Can a Renewed Iran Nuclear Deal Solve Europe's Energy Problems
Iveta Cherneva, author and analyst
When one year ago I discussed the potential for a renewed Iran nuclear deal with Mr. Raffael Grossi, Director General of the International Atomic Energy Agency (IAEA), I expressed deep skepticism. US Secretary of State, Antony Blinken, is no John Kerry. I remember Kerry's visits to Geneva at Hotel Intercontinental – the place the Americans would meet their Iranian counterparts, just meters away from the UN headquarters. That first deal in 2015 took some craftsmanship to accomplish. When President Donald Trump came in guns blazing trying to eradicate anything that had the Obama stamp, and withdrew the US from the deal, Trump underestimated how much work it takes in order to get to something like the JCPOA. I was skeptical the Biden Administration would be able to pull it off.
About a year ago, as I was sitting at the HEI Graduate Institute in Geneva discussing the potential for a revived deal with the IAEA chief, I was sure that a Biden Administration won't be able to accomplish what Team Obama did several years earlier. Fast forward one year and I am about to be proven wrong. A new Iran nuclear deal is on the verge of taking place and it will be easier to achieve than what was thought of as feasible previously. The answer is that a year ago the Ukraine-Russia war was not a factor in the picture.
Sources tell Al Jazeera Arabic that an agreement to revive the landmark accord abandoned by the US is soon to be announced. The deal contained in the European proposal is "imminent", according to Al Jazeera. The sanctions on Iran will be removed with the release of Iranian oil and gas exports in return for the scaling back of the Iranian nuclear program. In other words, Iranian oil and gas are about to flood global markets in times when few see alternatives to Russian energy.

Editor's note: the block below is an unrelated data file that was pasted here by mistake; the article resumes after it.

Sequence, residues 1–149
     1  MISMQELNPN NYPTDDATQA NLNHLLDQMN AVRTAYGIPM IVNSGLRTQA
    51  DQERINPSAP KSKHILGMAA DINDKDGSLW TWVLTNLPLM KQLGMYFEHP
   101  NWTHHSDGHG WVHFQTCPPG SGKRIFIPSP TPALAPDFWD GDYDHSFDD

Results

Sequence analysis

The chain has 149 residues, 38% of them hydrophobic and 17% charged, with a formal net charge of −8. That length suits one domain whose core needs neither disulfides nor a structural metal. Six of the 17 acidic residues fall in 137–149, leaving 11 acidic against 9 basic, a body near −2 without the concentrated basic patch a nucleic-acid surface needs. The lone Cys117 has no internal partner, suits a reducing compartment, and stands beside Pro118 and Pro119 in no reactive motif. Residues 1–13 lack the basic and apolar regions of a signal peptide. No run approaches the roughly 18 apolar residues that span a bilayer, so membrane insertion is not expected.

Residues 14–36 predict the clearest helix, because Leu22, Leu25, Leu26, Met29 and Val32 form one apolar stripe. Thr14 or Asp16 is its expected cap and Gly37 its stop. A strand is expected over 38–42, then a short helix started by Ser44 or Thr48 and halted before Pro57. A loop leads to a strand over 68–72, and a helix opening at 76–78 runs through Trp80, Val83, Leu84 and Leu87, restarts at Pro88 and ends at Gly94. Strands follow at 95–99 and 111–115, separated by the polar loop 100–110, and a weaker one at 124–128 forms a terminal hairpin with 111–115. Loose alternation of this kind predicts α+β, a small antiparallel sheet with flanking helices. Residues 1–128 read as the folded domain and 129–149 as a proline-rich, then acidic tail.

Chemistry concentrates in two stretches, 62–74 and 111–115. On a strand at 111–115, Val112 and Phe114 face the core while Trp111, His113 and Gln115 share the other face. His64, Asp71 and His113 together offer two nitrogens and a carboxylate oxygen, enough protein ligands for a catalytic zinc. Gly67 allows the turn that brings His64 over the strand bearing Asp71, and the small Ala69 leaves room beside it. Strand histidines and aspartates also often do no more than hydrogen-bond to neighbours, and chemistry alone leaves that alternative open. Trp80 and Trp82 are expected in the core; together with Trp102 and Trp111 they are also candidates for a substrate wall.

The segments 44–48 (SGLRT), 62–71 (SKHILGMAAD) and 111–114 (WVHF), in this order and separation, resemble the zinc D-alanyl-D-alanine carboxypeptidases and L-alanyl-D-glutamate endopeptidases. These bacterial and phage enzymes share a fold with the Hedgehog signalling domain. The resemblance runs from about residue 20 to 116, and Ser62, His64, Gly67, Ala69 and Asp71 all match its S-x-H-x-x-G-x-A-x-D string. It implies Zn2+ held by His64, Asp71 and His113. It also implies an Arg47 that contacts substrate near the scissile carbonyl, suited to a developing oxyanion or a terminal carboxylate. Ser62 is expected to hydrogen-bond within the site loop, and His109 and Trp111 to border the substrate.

Europe doesn't share the same history and relations with Iran as the tense US-Iranian relations. That's why the EU can allow itself more than its American counterparts. US-Iran relations history includes shameful American coups, assassinations and regime overthrows in Iran, the capture of the US Embassy in Tehran by the Iranian students, the assassination of Iranian General Soleimani, and many other rock-bottom points. That path is very different for Europe. Throughout the years, many European countries and businesses have tried to find ways to circumvent American sanctions on Iran – either because of human rights concerns or because of strictly business concerns.
For US politicians there are also the November mid-term elections and a stance on Iran will be a prominent factor, especially for Senators on the foreign relations committees where pleasing Israel is a big factor in the mix. In comparison, the EU is taking the initiative and rushing to get the deal done just before winter when EU countries will find themselves at the mercy of President Putin, as they implement the new package of sanctions on Russia. Iran can provide an answer to European energy supply needs and fears without being constrained by the baggage that American politicians will be judged by.
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